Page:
Charlie Sheen sues Warner Bros for firing 2011

In March of 2011, just days after Charlie Sheen was fired from CBS' Two and a Half Men, he filed a $100 million lawsuit against both Warner Brothers, the studio which produced the show, and Chuck Lorre, the executive producer.

In the suit, filed in the Santa Monica Superior Court, Sheen alleged that his firing was not the result of erratic behavior or his inability to perform, but rather from remarks he had made on television and the radio made which were critical of Lorre and Warner Brothers.

Warner Brothers, however, countered Sheen’s claims and stated in a letter to Sheen’s attorney, Martin Singer, that it was Sheen’s behavior which was the reason for the firing. According to the letter, Sheen’s “conduct and condition prevented him from performing his essential duties." Additionally, the studio claimed that Sheen’s behavior undermined Lorre and his ability to produce the show.

According to Attorney, Martin Singer, however, at the time of the firing Charlie Sheen had finished his stint in a treatment abuse facility and was ready to meet the demands of his contractual obligation to the show. Warner Brothers and CBS did not wait to see if Sheen could work but instead pulled the plug on the show and fired Sheen

After news broke that Charlie Sheen had filed a lawsuit, Warner Brothers issued a statement of “no comment” and suggested that they would seek a deal with Sheen through arbitration to resolve any further contract disputes.

Charlie Sheen and Warner Brothers settle their $100 million suit

In September of 2011, Warner Brothers announced that they had settled their dispute with Charlie Sheen.

According to the statement, “Warner Bros. Television, Chuck Lorre and Charlie Sheen have resolved their dispute to the parties’ mutual satisfaction.  The pending lawsuit and arbitration will be dismissed as to all parties.  The parties have agreed to maintain confidentiality over the terms of the settlement.”

Although all parties were subject to a confidentiality agreement, some experts close to the case suggest Charlie Sheen might have received close to $25 million dollars, a far cry from the $100 million he was claiming he was owed.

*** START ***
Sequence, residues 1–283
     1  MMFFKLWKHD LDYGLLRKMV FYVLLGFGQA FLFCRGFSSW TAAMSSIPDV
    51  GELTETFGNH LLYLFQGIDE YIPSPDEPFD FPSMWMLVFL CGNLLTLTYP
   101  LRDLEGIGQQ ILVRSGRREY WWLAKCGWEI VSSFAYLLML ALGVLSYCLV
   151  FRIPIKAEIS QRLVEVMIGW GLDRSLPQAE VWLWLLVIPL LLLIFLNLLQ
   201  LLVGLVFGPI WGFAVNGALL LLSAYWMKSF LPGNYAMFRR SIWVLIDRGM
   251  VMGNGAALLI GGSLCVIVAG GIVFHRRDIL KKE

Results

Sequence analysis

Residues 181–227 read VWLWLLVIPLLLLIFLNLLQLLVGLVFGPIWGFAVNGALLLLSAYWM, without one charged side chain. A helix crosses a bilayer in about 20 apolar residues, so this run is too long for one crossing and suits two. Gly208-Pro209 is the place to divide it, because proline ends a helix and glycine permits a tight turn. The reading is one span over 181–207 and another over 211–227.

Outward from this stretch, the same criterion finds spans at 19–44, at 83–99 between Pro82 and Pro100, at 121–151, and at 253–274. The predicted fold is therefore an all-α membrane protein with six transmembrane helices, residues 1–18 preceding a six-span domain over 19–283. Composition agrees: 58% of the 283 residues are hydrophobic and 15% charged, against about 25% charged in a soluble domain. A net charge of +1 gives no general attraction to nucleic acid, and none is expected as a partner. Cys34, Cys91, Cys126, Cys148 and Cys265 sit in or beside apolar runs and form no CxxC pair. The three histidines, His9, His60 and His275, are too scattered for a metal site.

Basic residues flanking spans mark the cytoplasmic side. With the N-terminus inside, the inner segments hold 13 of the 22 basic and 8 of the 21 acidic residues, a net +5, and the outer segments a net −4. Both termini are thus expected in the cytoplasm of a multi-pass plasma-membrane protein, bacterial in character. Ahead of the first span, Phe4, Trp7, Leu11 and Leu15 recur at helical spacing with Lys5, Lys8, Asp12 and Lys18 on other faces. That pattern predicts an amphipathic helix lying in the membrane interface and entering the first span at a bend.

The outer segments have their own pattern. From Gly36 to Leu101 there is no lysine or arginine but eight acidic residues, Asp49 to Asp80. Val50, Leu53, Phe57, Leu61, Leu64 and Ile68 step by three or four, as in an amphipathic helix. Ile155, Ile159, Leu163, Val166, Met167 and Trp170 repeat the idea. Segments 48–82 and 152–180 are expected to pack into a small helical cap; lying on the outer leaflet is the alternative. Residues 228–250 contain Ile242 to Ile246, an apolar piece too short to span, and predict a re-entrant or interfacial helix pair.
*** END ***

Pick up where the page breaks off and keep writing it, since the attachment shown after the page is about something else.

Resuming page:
The Hollywood Reporter also noted that the amount paid to Sheen might have included “a reinstatement of the revenue stream from past episodes of Two and a Half Men (even those filmed before his media meltdown) that WB had denied Sheen after he filed the lawsuit.”

What does the network expect from Sheen?

Following the settlement, Charlie Sheen apparently agreed to play nice. In fact, he spent the better part of the month on what some were calling an “apology tour” where he not only stopped disparaging his former boss Lorre but also appeared on the Emmys with what some have termed a “subdued appearance.”

Who is Charlie Sheen?

Charlie Sheen, born Carlos Irwin Estevez, has had a successful film career with movies such as Wall Street, Major League, Platoon and The Three Musketeers. Some argue, however that his best work was on Two and a Half Men which ran for more than 100 episodes before it was cancelled in 2014 (only to resume again with Ashton Kutcher taking over the lead role and replacing Charlie Sheen).

Despite Sheen’s history of alcohol and drug abuse, Sheen became one of the highest paid actors on television for his role on Two and a Half Men earning an estimated $1.8 million dollars per episode.

More recently Charlie Sheen has appeared in Anger Management, a television show on FX, which ran from 2012 to 2014.

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